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by Ilie Ruby

Pub Date: July 20th, 2010
ISBN: 978-0-06-189864-8
Publisher: Avon/HarperCollins

In Ruby’s debut novel, set around Canandaigua, N.Y., a young man returns to his deceased parents’ lakeside cabin after a seven-year absence and becomes involved in the search for a missing woman and the truth about his past. 

Teacher Grant Shongo, 33, returns to his parents’ cabin to pull himself together after his wife Susanna leaves him, claiming he has never fully committed to her. Susanna is not wrong. Grant is still haunted by memories of Echo, the sweetheart he has not seen for 15 years, since they made love and then broke up over a misunderstanding shortly before she left for college. Grant’s doctor father Ben was of Seneca Indian descent; when Grant befriends and heals a dog-wolf hybrid, the spiritual healing powers Grant inherited from Ben become obvious. Eventually Grant realizes his father was really the semi-mythical Indian chief Two Bears. But first Echo shows up to care for the ailing, elderly cousin who raised her in Canandaigua after she was orphaned. The love between Echo and Grant resurfaces, although both are frightened to express their true feelings. Meanwhile, 21-year-old Melanie Ellis has gone missing. One night when she was nine, Melanie, along with eight-year-old sister Maya and seven-year-old brother Luke, took Ben's canoe out on the lake without asking; a storm came and Luke drowned, although the sisters’ memories of the details of the event remain hazy. Soon after, Melanie’s mother and abusive father divorced. Maya is now in a mental hospital. Addicted to drugs and dangerous behavior, Melanie had been putting her life together before her disappearance, in love and raising a child with African-American Lion, a recovering addict from California. After Grant saves Lion when he goes off the wagon, he becomes involved in Grant’s search for Melanie, whom readers already know has been abducted by her father, who holds her in Two Bears’ Cave.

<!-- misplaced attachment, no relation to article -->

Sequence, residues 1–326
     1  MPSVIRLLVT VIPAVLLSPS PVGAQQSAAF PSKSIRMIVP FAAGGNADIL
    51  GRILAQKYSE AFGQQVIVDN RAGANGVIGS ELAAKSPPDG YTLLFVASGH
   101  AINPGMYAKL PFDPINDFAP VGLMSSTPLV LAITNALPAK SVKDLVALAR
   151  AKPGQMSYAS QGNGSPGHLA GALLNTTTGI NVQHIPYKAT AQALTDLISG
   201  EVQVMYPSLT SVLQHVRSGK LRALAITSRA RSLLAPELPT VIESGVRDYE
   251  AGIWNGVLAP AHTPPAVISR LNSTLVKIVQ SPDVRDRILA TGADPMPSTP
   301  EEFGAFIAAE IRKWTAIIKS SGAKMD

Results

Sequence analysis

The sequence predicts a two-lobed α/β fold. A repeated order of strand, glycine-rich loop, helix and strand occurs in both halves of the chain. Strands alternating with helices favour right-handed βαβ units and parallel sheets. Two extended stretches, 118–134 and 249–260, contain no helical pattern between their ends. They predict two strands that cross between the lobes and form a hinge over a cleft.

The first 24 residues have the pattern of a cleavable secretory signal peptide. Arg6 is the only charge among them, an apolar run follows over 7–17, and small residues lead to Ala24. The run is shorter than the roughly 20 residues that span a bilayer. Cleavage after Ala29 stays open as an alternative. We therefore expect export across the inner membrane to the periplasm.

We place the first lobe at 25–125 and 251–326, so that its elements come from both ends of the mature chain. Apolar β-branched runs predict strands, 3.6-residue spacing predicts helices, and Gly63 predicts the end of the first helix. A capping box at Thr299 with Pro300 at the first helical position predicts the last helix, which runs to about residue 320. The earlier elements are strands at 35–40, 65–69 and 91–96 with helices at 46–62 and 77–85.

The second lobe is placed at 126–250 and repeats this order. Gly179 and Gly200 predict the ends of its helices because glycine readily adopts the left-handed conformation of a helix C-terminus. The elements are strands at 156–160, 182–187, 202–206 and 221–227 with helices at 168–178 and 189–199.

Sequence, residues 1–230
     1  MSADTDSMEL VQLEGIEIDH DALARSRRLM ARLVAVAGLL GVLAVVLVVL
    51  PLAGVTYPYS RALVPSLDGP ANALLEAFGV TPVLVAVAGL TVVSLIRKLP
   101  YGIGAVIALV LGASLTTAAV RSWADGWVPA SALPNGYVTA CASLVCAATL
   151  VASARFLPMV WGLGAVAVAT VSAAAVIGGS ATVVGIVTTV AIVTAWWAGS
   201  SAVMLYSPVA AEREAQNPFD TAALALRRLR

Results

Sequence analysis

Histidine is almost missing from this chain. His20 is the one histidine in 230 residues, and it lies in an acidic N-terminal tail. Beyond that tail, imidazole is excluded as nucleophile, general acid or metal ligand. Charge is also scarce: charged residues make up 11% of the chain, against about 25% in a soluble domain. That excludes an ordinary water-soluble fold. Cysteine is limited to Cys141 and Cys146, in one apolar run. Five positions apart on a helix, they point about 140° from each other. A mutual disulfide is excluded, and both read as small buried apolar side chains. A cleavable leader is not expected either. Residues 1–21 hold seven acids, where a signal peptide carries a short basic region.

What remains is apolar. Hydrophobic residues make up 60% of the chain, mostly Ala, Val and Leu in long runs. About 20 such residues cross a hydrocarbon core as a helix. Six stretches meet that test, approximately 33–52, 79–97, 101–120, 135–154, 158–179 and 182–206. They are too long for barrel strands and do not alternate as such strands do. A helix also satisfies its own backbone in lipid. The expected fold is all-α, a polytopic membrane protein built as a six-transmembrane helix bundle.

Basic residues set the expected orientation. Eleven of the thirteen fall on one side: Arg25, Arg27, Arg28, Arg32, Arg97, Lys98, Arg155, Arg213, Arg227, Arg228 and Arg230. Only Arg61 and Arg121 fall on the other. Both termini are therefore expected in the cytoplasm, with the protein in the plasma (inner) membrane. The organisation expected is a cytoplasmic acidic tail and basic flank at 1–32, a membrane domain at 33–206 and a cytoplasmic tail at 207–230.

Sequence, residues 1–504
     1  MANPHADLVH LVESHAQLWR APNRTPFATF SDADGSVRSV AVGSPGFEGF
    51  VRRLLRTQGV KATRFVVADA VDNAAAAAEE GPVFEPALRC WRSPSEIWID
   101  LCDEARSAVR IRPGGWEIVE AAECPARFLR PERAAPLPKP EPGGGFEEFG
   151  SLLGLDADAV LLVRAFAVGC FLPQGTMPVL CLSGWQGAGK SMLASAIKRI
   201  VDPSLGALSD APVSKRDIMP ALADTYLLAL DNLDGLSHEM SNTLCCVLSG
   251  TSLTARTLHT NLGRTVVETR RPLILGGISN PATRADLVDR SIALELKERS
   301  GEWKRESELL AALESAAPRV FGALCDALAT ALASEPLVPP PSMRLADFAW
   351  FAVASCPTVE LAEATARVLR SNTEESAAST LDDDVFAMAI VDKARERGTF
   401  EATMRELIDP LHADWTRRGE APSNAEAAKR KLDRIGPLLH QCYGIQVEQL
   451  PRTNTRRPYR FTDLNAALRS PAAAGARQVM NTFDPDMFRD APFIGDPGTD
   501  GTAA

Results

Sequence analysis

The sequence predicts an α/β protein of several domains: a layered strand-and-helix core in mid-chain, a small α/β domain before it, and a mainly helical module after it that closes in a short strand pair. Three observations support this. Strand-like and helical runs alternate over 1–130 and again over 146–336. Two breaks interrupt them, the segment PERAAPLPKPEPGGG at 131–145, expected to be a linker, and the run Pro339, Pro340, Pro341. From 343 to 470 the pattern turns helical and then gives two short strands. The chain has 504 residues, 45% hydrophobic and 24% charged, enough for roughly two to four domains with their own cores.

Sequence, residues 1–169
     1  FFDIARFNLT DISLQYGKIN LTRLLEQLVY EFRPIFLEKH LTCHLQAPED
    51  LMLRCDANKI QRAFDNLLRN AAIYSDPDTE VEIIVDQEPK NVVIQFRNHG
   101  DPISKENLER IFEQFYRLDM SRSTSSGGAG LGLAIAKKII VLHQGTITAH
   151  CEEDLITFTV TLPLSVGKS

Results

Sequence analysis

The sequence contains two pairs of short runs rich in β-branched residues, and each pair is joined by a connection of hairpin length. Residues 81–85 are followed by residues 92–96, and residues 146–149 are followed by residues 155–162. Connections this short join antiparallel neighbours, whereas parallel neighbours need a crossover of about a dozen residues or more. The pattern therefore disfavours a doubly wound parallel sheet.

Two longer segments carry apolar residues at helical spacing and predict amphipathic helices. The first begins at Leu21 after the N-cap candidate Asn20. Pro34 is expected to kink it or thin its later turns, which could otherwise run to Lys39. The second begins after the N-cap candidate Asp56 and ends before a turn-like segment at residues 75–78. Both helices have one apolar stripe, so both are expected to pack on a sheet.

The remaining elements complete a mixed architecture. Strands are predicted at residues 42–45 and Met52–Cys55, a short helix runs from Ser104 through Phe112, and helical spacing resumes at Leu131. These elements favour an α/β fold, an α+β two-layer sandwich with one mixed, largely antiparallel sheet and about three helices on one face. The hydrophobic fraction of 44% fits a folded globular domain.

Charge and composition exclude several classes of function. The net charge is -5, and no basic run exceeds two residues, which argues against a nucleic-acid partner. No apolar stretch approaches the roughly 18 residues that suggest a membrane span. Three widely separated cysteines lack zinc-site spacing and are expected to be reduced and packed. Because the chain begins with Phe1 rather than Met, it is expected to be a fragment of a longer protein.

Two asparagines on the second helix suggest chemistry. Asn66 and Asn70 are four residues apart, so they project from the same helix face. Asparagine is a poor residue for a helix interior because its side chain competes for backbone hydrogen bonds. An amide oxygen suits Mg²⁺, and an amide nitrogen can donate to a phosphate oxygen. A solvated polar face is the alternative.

Native American spirits haunt the novel, but unfortunately so do too many coincidences to allow the reader to suspend belief.